How do I get rid of extra runtimes?


“state shell” complains I have too many runtimes, but I cannot find more than one runtime on my system. I actually don’t want to have more than one runtime. Is there a way to find what and where my runtimes are? How would I delete the extra runtime?

This is the error message I get:

C:\Users\root>state shell
Heads up! You've reached your runtime limit for <redacted>-org.
You can upgrade your plan or enroll in a free trial by visiting:<redacted>.

You are using 2 out of 1 available runtimes.

Opening shell for project <redacted>/Perl-5.36.0-Windows, located at C:\Users\root\Perl-5.36.0-Windows.
This shell is operating inside a virtual environment.
For editors and other tooling use the executables at: c:\Perl\exec.

✔ Project "<redacted>/Perl-5.36.0-Windows" Has Been Activated

Some background information:

  • I’m not new to ActivePerl and Windows admin, but I’m new to this “state” and “runtime” scheme.
  • There are two users on this PC, one for daily use, and one admin account with full permissions for system management.
  • I experimented a lot with these two users and “state”, going through several rounds of state-remote-installer.exe and state clean uninstall --all until I had Perl configured the way I wanted, owned by the admin account but accessible to both the daily and admin accounts. I’m guessing that one of these rounds left a pointer to a runtime that doesn’t really exist anymore, and that’s the problem.
  • I don’t intend to use “state” much, and I certainly don’t need to experiment with different runtimes. I may add a package from time to time, but that’s it. I use Perl for my personal needs; system management and photo library management.

Thanks for any help you can provide!


I see it every time I launch a shell (“state shell”), which I understand is the first thing I should do to before issuing other “state” commands. But perhaps I’m mistaken about this last statement.

Even if I don’t launch a shell, I also get the warning every time I run “state install”, “state pull”, etc.

I don’t get the warning when I run “state show”, “state use show”, “state projects”, or even “state info DateTime”.


The runtimes are the average projects we have seen running for your organization and refresh that data each day, if you recently switched wait to see if you are still getting it tomorrow.

Assuming you have only set up activeState projects to run on this one system, you can use ps aux | grep activestate to try and get an idea of which other projects or instances you have running and can then stop those.

If you installed on more than one system (or it’s a public project and others my be using it) that could also be causing the warning.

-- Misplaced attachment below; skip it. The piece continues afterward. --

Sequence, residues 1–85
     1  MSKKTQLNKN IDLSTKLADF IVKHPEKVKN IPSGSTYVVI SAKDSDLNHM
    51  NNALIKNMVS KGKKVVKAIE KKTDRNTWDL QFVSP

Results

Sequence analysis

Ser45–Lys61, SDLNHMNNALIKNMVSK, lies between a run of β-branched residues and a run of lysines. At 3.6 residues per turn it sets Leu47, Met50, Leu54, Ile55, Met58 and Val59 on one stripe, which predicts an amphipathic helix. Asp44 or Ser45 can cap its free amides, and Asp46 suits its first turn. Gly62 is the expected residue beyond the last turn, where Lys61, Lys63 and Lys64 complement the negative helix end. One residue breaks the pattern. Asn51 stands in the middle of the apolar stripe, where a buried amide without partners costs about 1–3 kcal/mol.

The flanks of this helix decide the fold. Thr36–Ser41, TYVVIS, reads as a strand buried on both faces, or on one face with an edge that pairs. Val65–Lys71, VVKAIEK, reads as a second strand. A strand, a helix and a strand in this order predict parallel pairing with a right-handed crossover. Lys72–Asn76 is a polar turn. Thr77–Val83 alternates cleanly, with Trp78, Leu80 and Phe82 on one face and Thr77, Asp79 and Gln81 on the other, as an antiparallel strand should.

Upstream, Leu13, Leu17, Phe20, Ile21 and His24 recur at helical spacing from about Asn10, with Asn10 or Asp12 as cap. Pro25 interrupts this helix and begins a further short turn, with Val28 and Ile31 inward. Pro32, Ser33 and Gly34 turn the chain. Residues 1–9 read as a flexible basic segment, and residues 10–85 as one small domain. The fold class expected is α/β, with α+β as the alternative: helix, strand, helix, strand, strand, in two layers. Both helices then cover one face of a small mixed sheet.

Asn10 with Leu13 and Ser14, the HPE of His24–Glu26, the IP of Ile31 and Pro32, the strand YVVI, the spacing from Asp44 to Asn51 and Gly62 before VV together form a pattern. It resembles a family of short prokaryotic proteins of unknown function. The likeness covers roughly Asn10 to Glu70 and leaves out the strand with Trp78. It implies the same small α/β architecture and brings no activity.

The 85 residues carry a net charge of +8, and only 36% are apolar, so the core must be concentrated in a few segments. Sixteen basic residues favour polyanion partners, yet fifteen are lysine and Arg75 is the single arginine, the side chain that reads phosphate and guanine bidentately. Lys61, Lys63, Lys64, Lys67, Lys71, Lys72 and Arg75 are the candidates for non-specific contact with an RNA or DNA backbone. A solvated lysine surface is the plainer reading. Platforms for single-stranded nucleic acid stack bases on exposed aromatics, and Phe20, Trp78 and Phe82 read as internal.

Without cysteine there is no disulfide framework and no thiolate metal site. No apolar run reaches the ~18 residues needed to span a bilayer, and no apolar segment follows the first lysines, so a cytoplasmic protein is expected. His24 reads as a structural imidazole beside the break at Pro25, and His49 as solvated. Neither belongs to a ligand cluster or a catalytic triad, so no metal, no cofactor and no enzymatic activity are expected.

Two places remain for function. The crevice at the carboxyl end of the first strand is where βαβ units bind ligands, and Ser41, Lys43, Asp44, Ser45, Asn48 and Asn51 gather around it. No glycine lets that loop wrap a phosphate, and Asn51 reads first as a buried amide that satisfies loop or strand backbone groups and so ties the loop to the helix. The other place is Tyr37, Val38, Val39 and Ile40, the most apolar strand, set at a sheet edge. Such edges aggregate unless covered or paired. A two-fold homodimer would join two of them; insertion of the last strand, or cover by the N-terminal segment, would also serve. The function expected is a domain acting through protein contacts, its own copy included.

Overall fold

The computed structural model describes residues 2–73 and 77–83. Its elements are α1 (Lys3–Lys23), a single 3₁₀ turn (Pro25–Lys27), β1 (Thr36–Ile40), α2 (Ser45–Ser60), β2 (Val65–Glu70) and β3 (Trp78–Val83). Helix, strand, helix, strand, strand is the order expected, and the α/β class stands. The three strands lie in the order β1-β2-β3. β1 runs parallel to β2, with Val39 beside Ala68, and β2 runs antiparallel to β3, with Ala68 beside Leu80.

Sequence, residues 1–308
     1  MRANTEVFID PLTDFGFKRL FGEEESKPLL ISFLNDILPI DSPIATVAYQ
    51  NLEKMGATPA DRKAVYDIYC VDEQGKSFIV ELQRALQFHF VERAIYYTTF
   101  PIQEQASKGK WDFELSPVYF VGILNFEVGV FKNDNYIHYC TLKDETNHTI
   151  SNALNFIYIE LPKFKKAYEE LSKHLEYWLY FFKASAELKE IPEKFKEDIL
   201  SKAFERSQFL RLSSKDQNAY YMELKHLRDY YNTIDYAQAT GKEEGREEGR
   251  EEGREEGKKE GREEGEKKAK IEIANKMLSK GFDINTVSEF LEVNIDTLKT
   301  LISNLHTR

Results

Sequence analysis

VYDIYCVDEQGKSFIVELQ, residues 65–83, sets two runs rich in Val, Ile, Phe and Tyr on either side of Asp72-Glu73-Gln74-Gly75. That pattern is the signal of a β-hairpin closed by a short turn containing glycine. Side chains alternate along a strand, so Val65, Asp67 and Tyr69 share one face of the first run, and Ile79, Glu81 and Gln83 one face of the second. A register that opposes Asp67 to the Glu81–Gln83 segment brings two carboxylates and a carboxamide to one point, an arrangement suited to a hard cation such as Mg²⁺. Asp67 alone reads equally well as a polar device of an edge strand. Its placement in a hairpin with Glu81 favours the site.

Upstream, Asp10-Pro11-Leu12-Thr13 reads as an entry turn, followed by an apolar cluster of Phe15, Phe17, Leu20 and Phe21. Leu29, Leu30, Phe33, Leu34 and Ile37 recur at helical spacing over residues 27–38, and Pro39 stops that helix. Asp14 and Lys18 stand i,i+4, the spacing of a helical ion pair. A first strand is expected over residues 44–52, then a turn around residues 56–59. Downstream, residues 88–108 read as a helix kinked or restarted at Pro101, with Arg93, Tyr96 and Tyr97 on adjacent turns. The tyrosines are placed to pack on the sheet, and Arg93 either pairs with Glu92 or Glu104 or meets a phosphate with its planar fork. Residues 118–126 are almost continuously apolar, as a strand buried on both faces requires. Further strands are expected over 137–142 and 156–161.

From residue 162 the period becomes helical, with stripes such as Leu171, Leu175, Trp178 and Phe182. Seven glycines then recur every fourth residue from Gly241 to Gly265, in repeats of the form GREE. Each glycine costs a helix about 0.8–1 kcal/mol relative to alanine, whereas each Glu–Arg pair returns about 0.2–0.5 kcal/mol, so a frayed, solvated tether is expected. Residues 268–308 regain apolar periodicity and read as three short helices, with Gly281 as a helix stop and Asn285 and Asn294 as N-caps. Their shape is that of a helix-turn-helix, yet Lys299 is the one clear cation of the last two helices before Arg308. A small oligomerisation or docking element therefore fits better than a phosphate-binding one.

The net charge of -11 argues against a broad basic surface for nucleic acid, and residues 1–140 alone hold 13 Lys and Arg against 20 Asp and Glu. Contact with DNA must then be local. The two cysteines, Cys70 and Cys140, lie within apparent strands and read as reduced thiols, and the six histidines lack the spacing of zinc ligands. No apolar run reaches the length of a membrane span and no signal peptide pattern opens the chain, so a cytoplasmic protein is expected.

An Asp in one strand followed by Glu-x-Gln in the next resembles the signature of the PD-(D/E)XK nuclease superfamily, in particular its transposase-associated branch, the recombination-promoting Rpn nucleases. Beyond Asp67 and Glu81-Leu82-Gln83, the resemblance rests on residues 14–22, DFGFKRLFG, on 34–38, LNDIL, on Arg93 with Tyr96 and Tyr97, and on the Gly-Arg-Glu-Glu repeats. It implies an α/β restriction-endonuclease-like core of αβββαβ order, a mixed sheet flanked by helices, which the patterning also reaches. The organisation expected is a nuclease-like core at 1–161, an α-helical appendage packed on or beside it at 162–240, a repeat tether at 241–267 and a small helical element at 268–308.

Sorry for the confusion.

(i do wonder if the two different users could be contributing to the issue)

Hi Nicole,

Sorry for not replying sooner, I was away on vacation for several days. I can therefore safely say I haven’t used any state command (or anything else for that matter) in 5 days.

Unfortunately, I got the same warning message today when I ran “state pull” (it says my activestate.yaml is already up to date, but that’s beside the point). I rebooted, and got the same response.

This is on Windows 10 Pro. I used the Task Manager to search for ActiveState processes, and found state-svc.exe, from C:\Users\root\AppData\Local\ActiveState\StateTool\release\bin. I assume this is normal. In any case, I terminated this task and tried “state pull” again; I got the same warning.

I checked, and the other user didn’t have a state-svc task running. The other user doesn’t even have state installed anymore.
I didn’t install anything on any other system, and nobody else is using the project.

Is there a log file somewhere that would provide information on why state believes there’s more than one instance running?

I don’t mind uninstalling and reinstalling everything, if that has a reasonable chance of fixing the problem.


I have the same issue.

AciveState state has only ever been installed for one user on my computer. Over a few days prior to yesterday I removed a project and installed another several times, and ended up with none installed. Yesterday, whilst installing a new project (the only one associated with my account) I saw the heads up message ‘You are using 2 out of 1 available runtimes.’

Today, opening a Command Prompt in the project folder (containing the .yaml files), then running ‘state use’ or ‘state shell’ gives the heads up message ‘You are using 2 out of 1 available runtimes.’

I will check whether this is still the case in 24 hours or more.

I have one project for one user on Windows. As long as I can continue with that, I shall ignore the message. If I am prevented from continuing without upgrading, then (after 11 years of using ActiveState) I shall simply go elsewhere.

Until ActiveState assist further with resolving why I am seeing ‘can’t load dll’ during the compile phase when running a script (see Unusable Perl 5.36 build - compilation failures due to various dll files not loading), I have zero ActiveState projects in use.

So sorry it’s saying 2 when it ought to be one! Although it’s an annoying error it won’t actually block you, so if it’s only showing 1 state-svc.exe you should be just fine to ignore it and keep going. I’ll check in on our side to see if our daily re-calculations are running correctly or if there are any bugs.

You are correct it’s only a warning and won’t actually block you, it’s a kind of clean up reminder / warning so people do not hit a hard limit by installing and keeping active too many runtimes.

Thanks Nicole.

Let me know if you’d like copies of log files or anything like that. I’ll be happy to help.

I just discovered there are two organizations in my account, gamin-mb and gamin-mb-org. Could this explain why state believes I have more than one runtime?